37 practices: ultimate bodhicitta overview 22-24

22. To remain free from subject-object fixation

All appearances are my own mind; / mind’s nature from the start is concept-free.

To know my own mind’s nature and refrain / from grasping onto subject-object signs:

This is the way a bodhisattva trains.

23. To give up attachment to positive experiences

When I encounter something that’s delightful / such as a rainbow on a summer day,

To give up all attachment to its beauty / and never cling to it as truly real:

This is the way a bodhisattva trains.

24. To regard adverse circumstances as delusion

All forms of suf-fer-ing are just like dreaming / that my belov-ed child has passed away.

Appearances like these are just delusions; / to take them as real drains my energy.

When I encounter adverse circumstances, / to see them as delusions of my mind:

This is the way a bodhisattva trains.

Audio of verses 22-24 together, above: note changes in verse 22 line 3 and in verse 23 line 1. Audio will be updated soon.

Up to now, we have completed the preliminaries for the path of full awakening (verses 1-7); an overview of the motivations for embarking on this path (verses 8-10); the main meditation practice that underlies all the specific practices of relative bodhicitta (cultivating love and compassion through taking and sending, verse 11); and practice with a number of specific situations for cultivating relative bodhicitta in daily life (bodhisattva boot camp, verses 12-19). In verses 20 and 21 we looked at how to work with two of the three root emotional poisons: anger and desire. These two verses acted as a bridge, serving as the last two verses of bodhisattva boot camp (how to deal with specific situations) as well as the first two of the three root emotional poisons (anger and desire). And now, in verse 22, we tackle the third root poison, ignorance, which gives rise to anger, desire, and all the other poisons, which then unfold into the full spectrum of samsaric existence and suffering.

Transcending ignorance — how and why: In verse 22, we are given the key to transcending and freeing ourselves from ignorance, aka, dualistic grasping, aka, relating to all our experience in mistaken terms of subject and object, truly existing self and truly existing other. This is the very nature of confusion, the opposite of wisdom, the opposite of being awake.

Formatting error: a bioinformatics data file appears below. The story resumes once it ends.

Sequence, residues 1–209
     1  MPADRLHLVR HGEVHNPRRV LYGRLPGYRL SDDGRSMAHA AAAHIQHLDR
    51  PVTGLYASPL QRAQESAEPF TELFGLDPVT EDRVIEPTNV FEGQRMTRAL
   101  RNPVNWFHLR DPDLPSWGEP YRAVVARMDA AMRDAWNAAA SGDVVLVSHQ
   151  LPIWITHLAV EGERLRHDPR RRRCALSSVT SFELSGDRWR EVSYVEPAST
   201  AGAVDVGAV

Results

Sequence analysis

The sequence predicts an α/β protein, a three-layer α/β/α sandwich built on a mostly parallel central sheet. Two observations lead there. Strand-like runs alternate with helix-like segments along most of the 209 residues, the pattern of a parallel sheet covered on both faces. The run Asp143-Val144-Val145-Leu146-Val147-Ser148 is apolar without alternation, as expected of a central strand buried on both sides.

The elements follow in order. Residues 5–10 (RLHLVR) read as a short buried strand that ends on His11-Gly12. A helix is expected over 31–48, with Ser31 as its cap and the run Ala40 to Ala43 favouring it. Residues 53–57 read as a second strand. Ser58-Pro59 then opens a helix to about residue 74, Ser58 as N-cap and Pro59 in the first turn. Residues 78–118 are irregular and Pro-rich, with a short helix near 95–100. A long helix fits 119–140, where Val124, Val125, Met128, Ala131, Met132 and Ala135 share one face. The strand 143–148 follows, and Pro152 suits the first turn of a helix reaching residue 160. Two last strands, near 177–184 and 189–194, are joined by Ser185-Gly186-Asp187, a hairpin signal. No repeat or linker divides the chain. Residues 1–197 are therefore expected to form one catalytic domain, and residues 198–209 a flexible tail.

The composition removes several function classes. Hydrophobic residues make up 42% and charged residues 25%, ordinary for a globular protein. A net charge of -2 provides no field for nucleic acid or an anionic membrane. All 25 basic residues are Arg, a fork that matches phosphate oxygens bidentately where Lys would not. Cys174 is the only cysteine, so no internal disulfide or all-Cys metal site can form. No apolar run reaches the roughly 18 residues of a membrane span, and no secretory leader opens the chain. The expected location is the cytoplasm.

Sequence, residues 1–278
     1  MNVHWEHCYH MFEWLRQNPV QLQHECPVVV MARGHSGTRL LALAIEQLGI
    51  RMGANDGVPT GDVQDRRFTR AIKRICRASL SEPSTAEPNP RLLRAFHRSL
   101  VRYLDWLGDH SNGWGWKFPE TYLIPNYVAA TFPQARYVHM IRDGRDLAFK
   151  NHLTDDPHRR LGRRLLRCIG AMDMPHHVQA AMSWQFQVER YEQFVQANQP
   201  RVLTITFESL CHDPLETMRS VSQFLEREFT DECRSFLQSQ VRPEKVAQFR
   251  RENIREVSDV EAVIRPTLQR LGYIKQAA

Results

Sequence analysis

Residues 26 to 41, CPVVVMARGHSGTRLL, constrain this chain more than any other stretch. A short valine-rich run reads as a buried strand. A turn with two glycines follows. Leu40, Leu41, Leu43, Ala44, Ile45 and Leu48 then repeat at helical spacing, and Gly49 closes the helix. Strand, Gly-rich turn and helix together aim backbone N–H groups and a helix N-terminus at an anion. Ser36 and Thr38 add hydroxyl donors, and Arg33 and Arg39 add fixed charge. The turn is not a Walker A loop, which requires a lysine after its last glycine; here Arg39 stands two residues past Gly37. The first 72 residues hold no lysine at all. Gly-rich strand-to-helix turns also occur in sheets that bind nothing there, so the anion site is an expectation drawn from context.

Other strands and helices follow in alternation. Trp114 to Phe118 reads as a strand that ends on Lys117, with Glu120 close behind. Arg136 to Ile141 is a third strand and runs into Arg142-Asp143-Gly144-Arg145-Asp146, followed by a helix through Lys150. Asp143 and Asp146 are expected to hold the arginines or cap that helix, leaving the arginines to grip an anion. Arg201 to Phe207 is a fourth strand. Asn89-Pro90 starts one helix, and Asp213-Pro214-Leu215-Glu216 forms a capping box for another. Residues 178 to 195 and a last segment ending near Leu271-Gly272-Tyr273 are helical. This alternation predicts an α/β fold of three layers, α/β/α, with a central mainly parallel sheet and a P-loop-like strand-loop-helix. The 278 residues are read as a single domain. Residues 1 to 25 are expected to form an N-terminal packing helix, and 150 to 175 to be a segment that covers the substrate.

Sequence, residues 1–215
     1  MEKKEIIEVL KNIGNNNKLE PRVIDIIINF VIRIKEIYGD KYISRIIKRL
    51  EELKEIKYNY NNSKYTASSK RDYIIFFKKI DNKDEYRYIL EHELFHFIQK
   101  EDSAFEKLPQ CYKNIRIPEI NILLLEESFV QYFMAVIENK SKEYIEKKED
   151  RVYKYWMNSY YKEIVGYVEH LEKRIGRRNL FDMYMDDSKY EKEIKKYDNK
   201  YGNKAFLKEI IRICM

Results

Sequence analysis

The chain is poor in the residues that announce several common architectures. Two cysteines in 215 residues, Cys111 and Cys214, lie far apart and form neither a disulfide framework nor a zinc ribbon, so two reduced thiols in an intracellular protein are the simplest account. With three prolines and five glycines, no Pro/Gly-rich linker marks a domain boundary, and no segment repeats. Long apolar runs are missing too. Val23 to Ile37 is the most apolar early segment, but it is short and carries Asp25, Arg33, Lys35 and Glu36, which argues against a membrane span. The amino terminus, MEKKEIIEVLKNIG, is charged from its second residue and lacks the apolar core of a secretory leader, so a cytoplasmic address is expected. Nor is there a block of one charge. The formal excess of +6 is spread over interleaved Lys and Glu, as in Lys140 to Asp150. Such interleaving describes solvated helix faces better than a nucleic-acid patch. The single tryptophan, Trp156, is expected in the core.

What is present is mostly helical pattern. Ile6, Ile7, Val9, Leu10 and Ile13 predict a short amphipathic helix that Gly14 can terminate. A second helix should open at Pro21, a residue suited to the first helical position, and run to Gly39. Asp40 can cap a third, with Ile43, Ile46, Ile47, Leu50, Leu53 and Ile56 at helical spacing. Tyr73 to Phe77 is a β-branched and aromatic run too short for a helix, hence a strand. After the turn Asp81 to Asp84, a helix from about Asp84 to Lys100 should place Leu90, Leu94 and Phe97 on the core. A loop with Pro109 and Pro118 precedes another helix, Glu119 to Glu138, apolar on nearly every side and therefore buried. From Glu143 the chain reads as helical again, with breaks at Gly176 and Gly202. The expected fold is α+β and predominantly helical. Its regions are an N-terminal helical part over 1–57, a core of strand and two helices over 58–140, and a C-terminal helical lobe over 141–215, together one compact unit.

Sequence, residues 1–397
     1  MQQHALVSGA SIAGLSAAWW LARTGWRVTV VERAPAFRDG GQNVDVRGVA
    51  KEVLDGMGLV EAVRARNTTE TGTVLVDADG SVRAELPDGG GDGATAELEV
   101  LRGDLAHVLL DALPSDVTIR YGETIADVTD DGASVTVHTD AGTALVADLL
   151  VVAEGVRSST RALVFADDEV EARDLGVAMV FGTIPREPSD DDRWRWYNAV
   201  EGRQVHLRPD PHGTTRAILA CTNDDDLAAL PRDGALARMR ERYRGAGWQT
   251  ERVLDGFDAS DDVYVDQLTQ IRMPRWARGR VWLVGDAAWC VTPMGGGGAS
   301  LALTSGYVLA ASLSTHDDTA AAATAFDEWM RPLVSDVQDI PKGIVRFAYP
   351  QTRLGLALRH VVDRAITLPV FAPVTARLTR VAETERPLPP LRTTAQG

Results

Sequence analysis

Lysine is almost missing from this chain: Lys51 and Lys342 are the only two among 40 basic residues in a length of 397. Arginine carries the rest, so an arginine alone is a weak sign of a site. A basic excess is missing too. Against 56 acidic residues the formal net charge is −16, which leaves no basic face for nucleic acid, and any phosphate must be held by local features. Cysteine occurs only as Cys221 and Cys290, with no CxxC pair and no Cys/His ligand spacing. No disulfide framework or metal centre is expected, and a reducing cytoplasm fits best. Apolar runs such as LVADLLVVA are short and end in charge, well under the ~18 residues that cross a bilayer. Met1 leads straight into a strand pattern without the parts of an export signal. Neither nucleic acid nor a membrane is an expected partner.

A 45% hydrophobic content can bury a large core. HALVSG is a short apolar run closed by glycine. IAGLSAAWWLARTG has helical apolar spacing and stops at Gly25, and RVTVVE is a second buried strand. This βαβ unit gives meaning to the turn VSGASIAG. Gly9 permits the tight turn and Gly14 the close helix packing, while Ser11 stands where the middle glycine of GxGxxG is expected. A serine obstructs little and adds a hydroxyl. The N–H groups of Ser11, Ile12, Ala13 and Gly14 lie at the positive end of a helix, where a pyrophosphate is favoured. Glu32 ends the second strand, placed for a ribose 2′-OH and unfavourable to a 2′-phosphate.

Verse 22 tells us how to wake ourselves up from this dream by meditating on ultimate bodhicitta, both on the cushion and in daily life. Verses 23 and 24 tell us how to apply this specifically to pleasant circumstances, which give rise to desire, and unpleasant circumstances, which give rise to aversion, in order to view them from the perspective of ultimate bodhicitta, the true nature of all our experience.

As Gampopa advises us at the beginning of Ornament of Precious Liberation, “That which is known as samsara is, by nature, emptiness, taking the form of illusions and characterized by suffering . . . . What causes the delusion? It occurs through great ignorance . . . . Those who think that illusion may dissolve on its own should be aware that samsara is renowned for being endless. [Considering] samsara in terms of it being an illusion, the extent of its suffering, its duration, and that it is not self-dispelling, strive in all earnestness and with great diligence, from this very moment onward, to attain unsurpassable enlightenment.” In short, there is no other way to free ourselves and others from the all-pervasive suffering of cyclic existence than to directly realize the nondual nature of our own mind and all appearances, per verse 22.

The mind training tradition teaches that we need to begin by cultivating relative bodhicitta — love and compassion — as we have done in the verses 11-21. The verses on cultivating ultimate bodhicitta — the true nature of reality —  will guide us to begin to see through the basic constructs that keep us trapped in our samsaric prison. And once we have developed in this set of verses a basis for transcending the confusion of dualistic ignorance, we will be ready to combine relative and ultimate bodhicitta in the practices of the six paramitas, or transcending actions, which — if we apply them mindfully and diligently — will carry our boat to the other shore of awakening. Tokme Zangpo will explain these practices in verses 25-30.

2017-18 class audioall classes

Next practice: Verse 22: to transcend dualistic appearances

Complete list of verses to date: “37 practices translation” at top of screen, or click on link

The complete study guide: click here (see “about the 37 practices study guide” at top of page for orientation if needed)

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